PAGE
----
“Chandelle” is the French word for candle, so it’s not surprising that the musical villain played by the candelabra-loving Liberace would go by that name whilst he guest-starred on the Batman TV show. In episodes 49-50 (“The Devil’s Fingers” and “The Dead Ringers,” originally aired Oct. 26-27, 1966), Liberace played both Chandelle and his evil twin brother Harry, a gangster who forces his famous musician brother to use his hypnotic music to aid various criminal schemes until Batman and Robin save the day — but not before they escape from the giant piano death-trap that threatened to crush them both under a deadly tune! Holy arpeggio!
13. The Rock and Roll Space Bandits
Given the fact the Super Friends routinely went up against space cowboys, floating alien brains, and witches with controlling interests in penny arcades, it took a special effort to create memorably daft super-villains for the team to non-violently overcome. But the writers topped themselves with “Rock and Roll Space Bandits,” a segment that appeared during the Super Friends’ 1980 series. As you might have guessed, the titular rock’n’roll bandits — from space! — arrive on Earth and use their instruments to hypnotize Earthlings. Why they would want to do this is never really addressed, but once you start discussing motives in Super Friends you get into a whole debate about why Robin never wore pants and that’s a road you just don’t want to go down. While the Super Friends are temporarily immobilized in space by the evil space music, the Wonder Twins turn into a lobster and a “giant ice reflector” to battle the bandits and their guitars. Though when you think about it, the aliens’ music shouldn’t have overpowered the Super Friends since sound doesn’t travel in space, but… damn, now I’m thinking about Robin’s legs again.
14. Johnny Dune
As one of the young turks who came along in the late ’60s and early ’70s to bring a whiff of “relevance” to superhero comics, Mike Friedrich was a truly inventive plotter, but his actual attempts at dialogue were… well, let’s just say they’re very indicative of a unique time and place. Proof? In “The Private War of Johnny Dune” (Justice League of America #95, 12/71), Friedrich introduces the titular character, a young man recently returned home from a tour of duty in Vietnam. “You had a gift of gentleness,” Friedrich’s caption unironically informs us, “and a piece of wood that sang soothing sounds when you stroked it.” (His guitar, people! He meant his guitar.) Another gift of Dune’s was his mutant ability to control the actions of other people through the power of his voice — a gift that comes in handy when he orders a park full of music fans to pummel the nearby Atom and Green Arrow into submission. Once the rest of the Justice League has been dealt with, Dune leads his mesmerized minions outside the city to… well, it’s never made clear exactly where he wants them to go. What is clear is he starts to lose control of the growing and now-rampaging crowd, which eventually turns on him. Fortunately, the League prevents his demise at their ensorcelled hands, and while recuperating in the hospital he vows to make amends for all the damage he caused by — I kid you not — going into politics. “My mutant power faded away in that final scream,” he tells the heroes, “so I’ll have to win votes the hard way… the clean way.” And if you believe that line about him conveniently losing his persuasive powers when the fuzz was on his tail, then I’ve got a pair of fishnet stockings to sell that will look simply darling on you.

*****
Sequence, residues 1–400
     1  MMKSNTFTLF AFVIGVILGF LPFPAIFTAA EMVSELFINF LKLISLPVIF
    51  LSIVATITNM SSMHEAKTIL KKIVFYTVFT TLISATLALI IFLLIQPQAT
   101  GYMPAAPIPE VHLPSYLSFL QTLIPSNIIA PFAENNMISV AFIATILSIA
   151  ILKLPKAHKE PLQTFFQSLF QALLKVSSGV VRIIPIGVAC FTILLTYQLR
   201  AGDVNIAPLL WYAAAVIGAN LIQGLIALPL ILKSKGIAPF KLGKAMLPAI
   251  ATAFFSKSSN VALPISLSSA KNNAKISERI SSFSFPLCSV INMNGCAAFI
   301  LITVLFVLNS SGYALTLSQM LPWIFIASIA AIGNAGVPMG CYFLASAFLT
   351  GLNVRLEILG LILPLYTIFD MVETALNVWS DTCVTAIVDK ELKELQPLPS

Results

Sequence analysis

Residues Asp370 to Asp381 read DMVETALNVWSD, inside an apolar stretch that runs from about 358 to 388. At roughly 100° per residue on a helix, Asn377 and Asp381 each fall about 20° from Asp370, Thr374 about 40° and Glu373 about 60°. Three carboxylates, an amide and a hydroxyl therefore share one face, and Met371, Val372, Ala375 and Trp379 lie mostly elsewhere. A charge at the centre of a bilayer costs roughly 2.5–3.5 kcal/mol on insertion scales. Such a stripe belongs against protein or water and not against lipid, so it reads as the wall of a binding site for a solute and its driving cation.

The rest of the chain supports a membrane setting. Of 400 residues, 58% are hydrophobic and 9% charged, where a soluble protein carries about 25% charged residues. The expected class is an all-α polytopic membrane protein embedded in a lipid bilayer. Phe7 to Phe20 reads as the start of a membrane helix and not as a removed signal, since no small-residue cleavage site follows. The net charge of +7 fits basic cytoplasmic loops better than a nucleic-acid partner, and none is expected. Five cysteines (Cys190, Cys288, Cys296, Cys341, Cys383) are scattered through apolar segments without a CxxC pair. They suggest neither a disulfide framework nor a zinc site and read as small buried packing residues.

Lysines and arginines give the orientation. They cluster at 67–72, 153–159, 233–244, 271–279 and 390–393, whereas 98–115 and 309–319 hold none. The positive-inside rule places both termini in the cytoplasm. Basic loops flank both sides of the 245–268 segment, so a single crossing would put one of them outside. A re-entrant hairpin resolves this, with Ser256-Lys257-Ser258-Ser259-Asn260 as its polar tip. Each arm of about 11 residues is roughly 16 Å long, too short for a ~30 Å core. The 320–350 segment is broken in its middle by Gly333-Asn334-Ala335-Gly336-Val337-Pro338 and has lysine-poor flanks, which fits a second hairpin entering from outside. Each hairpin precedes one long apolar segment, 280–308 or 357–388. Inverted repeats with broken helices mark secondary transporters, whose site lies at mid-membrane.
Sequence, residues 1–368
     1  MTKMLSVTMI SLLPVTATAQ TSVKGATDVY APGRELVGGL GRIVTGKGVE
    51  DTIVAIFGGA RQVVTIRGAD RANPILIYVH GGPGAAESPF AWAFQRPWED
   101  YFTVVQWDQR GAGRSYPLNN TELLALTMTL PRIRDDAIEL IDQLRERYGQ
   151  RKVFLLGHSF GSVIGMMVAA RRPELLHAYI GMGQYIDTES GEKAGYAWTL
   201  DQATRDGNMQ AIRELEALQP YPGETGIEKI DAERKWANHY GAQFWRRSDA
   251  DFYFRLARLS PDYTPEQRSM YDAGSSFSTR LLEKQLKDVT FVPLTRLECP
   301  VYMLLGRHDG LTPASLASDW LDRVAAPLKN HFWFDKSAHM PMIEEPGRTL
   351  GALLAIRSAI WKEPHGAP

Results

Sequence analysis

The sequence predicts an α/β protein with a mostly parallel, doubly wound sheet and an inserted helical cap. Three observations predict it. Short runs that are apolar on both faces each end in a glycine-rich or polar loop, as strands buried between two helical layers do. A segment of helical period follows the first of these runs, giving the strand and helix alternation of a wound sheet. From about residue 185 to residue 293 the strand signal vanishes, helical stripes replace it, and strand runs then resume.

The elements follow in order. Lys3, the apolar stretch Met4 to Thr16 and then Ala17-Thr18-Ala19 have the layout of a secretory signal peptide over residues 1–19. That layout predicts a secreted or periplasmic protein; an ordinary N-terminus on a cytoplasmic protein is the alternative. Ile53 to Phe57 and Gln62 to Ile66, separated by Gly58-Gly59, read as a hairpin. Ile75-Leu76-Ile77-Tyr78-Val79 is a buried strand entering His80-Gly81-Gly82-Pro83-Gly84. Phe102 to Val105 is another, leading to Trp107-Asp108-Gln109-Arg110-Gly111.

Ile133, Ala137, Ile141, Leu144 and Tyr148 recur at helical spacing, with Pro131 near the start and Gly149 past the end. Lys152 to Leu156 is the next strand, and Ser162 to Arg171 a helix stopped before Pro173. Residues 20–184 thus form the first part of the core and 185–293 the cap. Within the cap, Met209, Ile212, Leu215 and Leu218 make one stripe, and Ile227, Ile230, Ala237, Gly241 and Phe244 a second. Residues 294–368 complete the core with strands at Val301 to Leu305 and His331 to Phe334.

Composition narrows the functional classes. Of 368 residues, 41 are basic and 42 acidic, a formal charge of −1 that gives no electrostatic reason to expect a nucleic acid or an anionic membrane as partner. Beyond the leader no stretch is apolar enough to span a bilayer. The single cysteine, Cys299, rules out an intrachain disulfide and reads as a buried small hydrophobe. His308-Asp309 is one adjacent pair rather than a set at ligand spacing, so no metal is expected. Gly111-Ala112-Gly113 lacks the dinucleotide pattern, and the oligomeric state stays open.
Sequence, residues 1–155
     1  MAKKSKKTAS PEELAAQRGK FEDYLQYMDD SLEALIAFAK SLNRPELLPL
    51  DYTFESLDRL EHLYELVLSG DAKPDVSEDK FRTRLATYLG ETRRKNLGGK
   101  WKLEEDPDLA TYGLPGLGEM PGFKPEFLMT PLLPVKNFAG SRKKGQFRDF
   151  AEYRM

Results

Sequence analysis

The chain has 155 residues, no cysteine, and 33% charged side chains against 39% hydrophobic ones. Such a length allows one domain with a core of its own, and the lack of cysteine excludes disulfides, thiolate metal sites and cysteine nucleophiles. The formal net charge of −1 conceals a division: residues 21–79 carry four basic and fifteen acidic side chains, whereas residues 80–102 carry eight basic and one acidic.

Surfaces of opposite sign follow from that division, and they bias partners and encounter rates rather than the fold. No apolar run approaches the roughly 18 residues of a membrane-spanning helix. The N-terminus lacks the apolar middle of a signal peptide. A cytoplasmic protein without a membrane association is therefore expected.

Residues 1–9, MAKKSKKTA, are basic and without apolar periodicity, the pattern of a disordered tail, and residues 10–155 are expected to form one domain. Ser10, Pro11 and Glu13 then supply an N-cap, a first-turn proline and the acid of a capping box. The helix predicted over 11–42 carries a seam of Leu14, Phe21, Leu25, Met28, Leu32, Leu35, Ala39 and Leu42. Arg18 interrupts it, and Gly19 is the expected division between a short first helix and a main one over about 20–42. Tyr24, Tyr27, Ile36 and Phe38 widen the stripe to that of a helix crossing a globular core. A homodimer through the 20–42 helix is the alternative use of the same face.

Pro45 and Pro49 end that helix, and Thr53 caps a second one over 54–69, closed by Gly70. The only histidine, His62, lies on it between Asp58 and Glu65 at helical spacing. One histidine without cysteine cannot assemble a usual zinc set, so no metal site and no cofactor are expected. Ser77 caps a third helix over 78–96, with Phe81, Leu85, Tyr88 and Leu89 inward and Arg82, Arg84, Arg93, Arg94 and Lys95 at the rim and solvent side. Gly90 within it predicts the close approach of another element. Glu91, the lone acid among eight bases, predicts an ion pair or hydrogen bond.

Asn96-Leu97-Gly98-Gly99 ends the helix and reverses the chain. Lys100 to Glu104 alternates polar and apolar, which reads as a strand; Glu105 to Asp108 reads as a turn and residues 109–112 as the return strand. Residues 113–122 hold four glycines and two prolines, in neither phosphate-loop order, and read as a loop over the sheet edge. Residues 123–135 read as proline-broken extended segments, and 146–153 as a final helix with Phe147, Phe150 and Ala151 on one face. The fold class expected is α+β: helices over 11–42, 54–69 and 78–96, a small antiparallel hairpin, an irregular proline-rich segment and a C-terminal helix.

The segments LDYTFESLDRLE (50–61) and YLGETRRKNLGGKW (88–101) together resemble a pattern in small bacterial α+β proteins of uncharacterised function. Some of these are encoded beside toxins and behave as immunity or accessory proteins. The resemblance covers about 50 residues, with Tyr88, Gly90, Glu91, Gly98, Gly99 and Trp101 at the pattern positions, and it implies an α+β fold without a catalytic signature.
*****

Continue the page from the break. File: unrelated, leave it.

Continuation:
15+. Scare Tactics
Scare Tactics was a mid-’90s DC book that followed the lives of four teenage escapees from R-Complex (think Area 51, but for supernatural monsters instead of aliens). Together with their manager, the super-paranoid and awesomely named Arnold Burnsteel, Fang (werewolf), Scream Queen (vampire), Slither (reptile man) and Gross-Out (boil-encrusted monster) stayed one step ahead of their captors by criss-crossing the country in a Winnebago and posing as a metal band, with their fans assuming the outrageous “costumes” to be just part of the act. While not strictly villainous types, the sullen quartet (teenagers, amiright?) acted as heroes only when necessary, usually in situations when other monsters threatened humans. Writer Len Kaminski created an intriguing story about teenagers with muy serious alienation issues, and a series of one-shots that paired the characters with A-list heroes suggests DC supported the concept, but the book was still cancelled after just 12 issues. Just as well; I mean, honestly, an ongoing story about vampires and werewolves and other monsters living among us? Now that’s far-fetched. (Psst. Irony-impaired TV producers: that’s your cue to get on it.)